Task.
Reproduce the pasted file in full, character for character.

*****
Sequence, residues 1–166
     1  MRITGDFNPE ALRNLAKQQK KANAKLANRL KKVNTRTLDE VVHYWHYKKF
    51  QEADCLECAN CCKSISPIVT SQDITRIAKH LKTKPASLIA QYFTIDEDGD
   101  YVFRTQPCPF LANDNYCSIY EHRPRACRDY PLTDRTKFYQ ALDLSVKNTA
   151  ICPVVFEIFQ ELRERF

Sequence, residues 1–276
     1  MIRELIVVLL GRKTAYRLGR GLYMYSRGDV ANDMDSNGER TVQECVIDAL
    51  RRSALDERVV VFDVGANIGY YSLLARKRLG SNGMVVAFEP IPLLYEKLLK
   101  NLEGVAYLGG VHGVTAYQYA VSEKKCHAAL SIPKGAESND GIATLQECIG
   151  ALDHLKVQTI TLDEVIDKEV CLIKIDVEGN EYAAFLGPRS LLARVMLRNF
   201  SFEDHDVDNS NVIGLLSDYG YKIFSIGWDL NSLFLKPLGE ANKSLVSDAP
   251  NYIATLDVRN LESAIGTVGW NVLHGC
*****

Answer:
Sequence, residues 1–166
     1  MRITGDFNPE ALRNLAKQQK KANAKLANRL KKVNTRTLDE VVHYWHYKKF
    51  QEADCLECAN CCKSISPIVT SQDITRIAKH LKTKPASLIA QYFTIDEDGD
   101  YVFRTQPCPF LANDNYCSIY EHRPRACRDY PLTDRTKFYQ ALDLSVKNTA
   151  ICPVVFEIFQ ELRERF

Sequence, residues 1–276
     1  MIRELIVVLL GRKTAYRLGR GLYMYSRGDV ANDMDSNGER TVQECVIDAL
    51  RRSALDERVV VFDVGANIGY YSLLARKRLG SNGMVVAFEP IPLLYEKLLK
   101  NLEGVAYLGG VHGVTAYQYA VSEKKCHAAL SIPKGAESND GIATLQECIG
   151  ALDHLKVQTI TLDEVIDKEV CLIKIDVEGN EYAAFLGPRS LLARVMLRNF
   201  SFEDHDVDNS NVIGLLSDYG YKIFSIGWDL NSLFLKPLGE ANKSLVSDAP
   251  NYIATLDVRN LESAIGTVGW NVLHGC